Today marks the International Day of Rural Women, and on Friday, October 16, the world will celebrate World Food Day. It is an occasion to celebrate the progress we have made on reducing hunger and malnutrition, and supporting rural communities across the globe. It is also a marker, with the agreement of the Sustainable Development Goals last month, for us to take stock of how we can accelerate progress and hold world leaders to account in reaching Goal 2: End hunger, achieve food security and improved nutrition, and promote sustainable agriculture.
For the 70% of the world’s poor that live in rural areas, agriculture is the main source of income and employment. In a cruel twist of fate, these are also the communities that are most affected by hunger and malnutrition. Goal 2 lights a path towards breaking this intergenerational cycle of poverty and hunger.
Female farmers like Halima Naiga in Uganda are already forging ahead, with a little help from the development community. Halima is a smallholder farmer that used to struggle with disease and pests on her coffee crops, which greatly reduced her income. The U.S. Feed the Future Uganda Commodity Production and Marketing Activity connected her to a cooperative savings scheme that helped her buy the right inputs to fight these pests and increase the yield and income from her crops.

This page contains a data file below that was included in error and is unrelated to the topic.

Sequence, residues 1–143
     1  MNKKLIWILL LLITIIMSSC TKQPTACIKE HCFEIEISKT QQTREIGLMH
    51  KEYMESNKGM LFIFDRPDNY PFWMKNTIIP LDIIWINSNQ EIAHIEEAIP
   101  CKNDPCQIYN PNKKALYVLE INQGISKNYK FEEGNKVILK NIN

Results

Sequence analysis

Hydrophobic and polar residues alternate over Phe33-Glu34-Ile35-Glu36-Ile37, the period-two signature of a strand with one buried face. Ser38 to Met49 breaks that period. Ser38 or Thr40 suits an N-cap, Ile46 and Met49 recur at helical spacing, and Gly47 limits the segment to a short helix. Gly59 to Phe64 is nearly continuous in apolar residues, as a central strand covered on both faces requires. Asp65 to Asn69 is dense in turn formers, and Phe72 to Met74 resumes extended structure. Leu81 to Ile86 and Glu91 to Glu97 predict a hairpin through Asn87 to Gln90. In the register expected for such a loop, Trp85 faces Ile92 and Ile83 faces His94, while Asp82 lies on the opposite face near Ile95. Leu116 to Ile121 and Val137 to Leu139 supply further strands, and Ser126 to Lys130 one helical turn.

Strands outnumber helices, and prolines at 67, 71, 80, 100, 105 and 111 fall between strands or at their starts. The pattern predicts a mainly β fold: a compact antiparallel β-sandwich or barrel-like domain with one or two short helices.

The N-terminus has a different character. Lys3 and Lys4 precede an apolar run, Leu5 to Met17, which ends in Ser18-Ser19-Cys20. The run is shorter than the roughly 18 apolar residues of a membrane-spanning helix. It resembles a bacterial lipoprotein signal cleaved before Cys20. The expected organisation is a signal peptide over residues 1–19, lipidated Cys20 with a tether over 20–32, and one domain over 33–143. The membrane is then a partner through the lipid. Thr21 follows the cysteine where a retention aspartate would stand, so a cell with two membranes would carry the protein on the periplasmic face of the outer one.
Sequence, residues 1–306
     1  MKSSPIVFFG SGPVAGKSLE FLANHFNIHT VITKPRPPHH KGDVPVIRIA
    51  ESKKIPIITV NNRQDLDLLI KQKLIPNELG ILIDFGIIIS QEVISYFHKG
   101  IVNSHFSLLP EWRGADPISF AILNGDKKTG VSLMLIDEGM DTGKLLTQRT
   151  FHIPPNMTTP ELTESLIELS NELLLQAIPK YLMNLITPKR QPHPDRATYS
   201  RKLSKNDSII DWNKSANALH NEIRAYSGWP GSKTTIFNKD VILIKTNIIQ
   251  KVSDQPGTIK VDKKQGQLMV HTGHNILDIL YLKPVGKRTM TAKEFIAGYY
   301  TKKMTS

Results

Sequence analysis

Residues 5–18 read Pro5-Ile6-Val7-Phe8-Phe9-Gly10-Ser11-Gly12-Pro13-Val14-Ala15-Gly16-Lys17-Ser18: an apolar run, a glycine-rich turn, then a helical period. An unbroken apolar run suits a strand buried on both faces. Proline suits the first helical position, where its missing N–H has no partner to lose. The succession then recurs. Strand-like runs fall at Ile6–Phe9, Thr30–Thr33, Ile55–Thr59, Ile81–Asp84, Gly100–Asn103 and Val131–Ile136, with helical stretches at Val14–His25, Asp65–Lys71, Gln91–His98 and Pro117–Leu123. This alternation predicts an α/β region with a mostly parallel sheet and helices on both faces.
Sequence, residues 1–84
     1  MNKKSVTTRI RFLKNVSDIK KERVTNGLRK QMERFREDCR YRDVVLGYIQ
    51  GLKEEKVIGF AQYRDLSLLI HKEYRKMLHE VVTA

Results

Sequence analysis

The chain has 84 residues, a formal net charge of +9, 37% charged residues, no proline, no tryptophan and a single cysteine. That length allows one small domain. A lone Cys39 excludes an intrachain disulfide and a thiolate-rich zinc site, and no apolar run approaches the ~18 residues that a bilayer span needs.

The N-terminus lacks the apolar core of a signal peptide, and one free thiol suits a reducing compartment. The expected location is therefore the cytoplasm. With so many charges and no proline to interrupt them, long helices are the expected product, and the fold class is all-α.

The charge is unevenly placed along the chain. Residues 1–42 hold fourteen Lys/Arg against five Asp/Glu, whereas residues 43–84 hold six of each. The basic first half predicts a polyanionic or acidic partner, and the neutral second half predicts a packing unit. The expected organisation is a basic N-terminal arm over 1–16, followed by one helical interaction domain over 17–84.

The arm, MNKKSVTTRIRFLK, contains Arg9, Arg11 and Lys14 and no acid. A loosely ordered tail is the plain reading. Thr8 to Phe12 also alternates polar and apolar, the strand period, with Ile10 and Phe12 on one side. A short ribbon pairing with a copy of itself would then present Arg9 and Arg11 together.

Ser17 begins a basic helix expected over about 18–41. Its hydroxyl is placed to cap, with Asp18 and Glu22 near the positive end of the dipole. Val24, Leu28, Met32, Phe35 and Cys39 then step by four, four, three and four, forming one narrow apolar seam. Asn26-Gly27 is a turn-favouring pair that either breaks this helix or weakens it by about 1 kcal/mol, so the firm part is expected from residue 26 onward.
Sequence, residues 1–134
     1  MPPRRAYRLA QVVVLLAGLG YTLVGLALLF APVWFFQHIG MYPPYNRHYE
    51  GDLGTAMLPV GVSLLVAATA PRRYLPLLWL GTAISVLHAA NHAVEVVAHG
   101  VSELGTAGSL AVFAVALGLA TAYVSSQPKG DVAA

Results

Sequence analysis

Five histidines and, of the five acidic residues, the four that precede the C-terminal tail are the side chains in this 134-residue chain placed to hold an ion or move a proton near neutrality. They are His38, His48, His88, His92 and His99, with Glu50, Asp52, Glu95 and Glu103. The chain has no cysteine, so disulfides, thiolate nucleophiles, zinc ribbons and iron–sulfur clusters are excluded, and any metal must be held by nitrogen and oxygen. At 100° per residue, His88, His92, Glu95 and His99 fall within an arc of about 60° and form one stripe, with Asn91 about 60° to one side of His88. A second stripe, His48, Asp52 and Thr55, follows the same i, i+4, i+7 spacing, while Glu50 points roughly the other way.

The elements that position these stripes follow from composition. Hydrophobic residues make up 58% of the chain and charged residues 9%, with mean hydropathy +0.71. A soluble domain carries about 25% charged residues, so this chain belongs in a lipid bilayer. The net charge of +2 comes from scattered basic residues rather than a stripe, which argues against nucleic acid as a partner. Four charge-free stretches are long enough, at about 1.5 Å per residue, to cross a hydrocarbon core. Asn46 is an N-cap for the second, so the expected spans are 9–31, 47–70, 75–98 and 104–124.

She has now put that money into educating her children, and she is calling on her government to provide better loans, better education for her children and more support for women’s groups to start income generating activities.
If female farmers like Halima were supported across the globe, they could increase their yields by up to 20% and bring 150 million people out of hunger every year. If girls are better educated, as Halima is now doing for her children with her increased income, rates of child malnutrition can come down dramatically. In fact, nearly half of the reduction in child malnutrition from 1970-1995 has been attributed to women’s education.
World Food Day gives us an opportunity to learn from the smallholder farmers, fishers and pastoralists who are helping to end poverty in their communities. It is also a reminder that if we do not support them by holding world leaders to account on their promises, we put the achievement of every one of these ambitious Global Goals at risk.
We know that investments in agriculture and nutrition work. In sub Saharan Africa, investments in agriculture are 11 times as effective at reducing poverty than investments in any other sector. For every $1 invested in nutrition, countries get back $16. Yet world leaders continue to underinvest in the potential of farmers and families like Halima’s. This World Food Day and beyond, let’s make sure world leaders follow through on their promises, so we can end hunger and malnutrition once and for all.